April 27 Update: Interesting article on The Nitrate and Nitrite Myth by Chris Kresser. Certainly worth reading to balance out the more popular negative views of nitrates and nitrites.
Bacon is a well used option in our Paleo Diet. We use it for flavor in main & side dishes, as a complementary protein element of meal - especially the morning, paired with eggs - and we use the leftover grease to cook with (i.e. stir frys & sautés.) It makes the dish savory compared to the sweetness of coconut oil. This is not a technical post but general observations about bacon. There is a lot of debate about it being a healthy part of a Paleo diet. Feel free to do your own research and draw your own conclusions. The key take aways for me are, use in moderation and find a good, local or well-documented healthy option. Stay away from the commercial versions - but then if you are on the Paleo Diet you already knew that.
Again, I'm no expert but I've done my reading. Beyond the nutritional/health debate, here's what I've learned.
- It is thin strips cut from a section of the belly of the pig (at least here in the U.S. - other countries may consider bacon as coming from shoulder or butt sections).
- Even if labeled "Uncured," it will go through some sort of curing process. Sounds odd, but if you literally had an uncured cut of meat it would be called "raw." In other words bacon = cured. Basically this is just the drying & preserving part. Now, how it is cured is the big question. More on that in a moment.
- After curing, it will likely go through a seasoning process. It can be smoked, soaked or seasoned using aromatic wood, maple syrup, brown sugar or a variety of other spices & herbs.
- Lastly, it is cooked - and I mean before it gets to you. It is cooked at a low heat to allow the seasoning/flavoring to soak throughout. Then chilled and refrigerated to make it easy to slice.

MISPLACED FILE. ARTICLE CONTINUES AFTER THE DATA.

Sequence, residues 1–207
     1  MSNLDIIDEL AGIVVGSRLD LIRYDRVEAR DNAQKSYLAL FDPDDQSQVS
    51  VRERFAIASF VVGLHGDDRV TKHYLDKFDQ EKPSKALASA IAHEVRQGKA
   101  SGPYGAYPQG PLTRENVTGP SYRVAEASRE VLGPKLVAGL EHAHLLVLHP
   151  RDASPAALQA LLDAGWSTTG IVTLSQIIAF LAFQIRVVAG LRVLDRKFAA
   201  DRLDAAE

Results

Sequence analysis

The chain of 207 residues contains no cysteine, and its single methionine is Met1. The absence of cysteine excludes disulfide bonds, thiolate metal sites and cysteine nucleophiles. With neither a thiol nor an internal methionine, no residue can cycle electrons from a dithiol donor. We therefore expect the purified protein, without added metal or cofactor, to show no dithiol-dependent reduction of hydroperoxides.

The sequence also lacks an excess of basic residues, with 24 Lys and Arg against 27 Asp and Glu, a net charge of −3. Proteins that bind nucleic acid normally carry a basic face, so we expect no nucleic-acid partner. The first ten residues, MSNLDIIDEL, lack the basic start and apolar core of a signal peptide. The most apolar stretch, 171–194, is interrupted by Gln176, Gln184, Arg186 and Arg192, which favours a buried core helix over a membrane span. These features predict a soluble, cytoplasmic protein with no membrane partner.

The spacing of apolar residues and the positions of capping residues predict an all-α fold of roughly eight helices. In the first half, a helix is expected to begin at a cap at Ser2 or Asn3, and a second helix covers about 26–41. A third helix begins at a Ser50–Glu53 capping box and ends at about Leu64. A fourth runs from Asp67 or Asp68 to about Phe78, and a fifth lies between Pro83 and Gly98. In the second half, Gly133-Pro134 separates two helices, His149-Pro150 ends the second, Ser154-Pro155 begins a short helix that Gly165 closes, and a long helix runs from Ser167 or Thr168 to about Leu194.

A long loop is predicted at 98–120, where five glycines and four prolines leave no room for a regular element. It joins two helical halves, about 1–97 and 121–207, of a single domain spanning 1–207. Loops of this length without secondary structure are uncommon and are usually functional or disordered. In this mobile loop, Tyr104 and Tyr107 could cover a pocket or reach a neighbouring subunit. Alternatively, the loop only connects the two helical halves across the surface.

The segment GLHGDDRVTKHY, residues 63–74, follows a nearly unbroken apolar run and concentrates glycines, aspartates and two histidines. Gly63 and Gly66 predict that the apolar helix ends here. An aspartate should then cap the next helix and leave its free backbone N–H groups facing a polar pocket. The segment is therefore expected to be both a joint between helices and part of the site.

Curing (a.k.a. Preserving)
As I mentioned earlier, bacon is cured - even if labeled "uncured," but again, it really comes down to preserving the meat. It is the moisture in meat that can cause the meat to go bad, so after the meat is cut it needs to be cured to some degree to prevent the meat from spoiling - or to make it last longer. Back in the caveman days they would just hang meat in their cave to dry it out. If you've ever had a fire in a cave you know they are notoriously bad for ventilation. So, the fires that would help keep the cavemen safe and warm as well as dry the meat would also help to flavor it. Of course the migratory & survivalist nature of cavemen made the need for a more efficient drying process to be invented. Lest your fellow caveman just wait for you to do all the hard work and your fire to shine the way to their next prepared meal. Enter the high tech world of salt.
Ok, maybe cavemen didn't find salt or salting as a curing process, but at some point (there is documentation of around 6000 B.C.) someone determined that salt was really good at removing water from meat and keeping bacteria and bad stuff from making the next dinner someone's last. Did you ever wonder what happened to that first guy who drank sea water to quench his thirst? He or his friends must have gone on to figure out that salt water (a.k.a. brine) could be used somewhere in the dehydration process. Now there are typically two ways of applying the salt - in a water solution (brine) or in the dry form. Here's where it gets grey.
Cured vs Uncured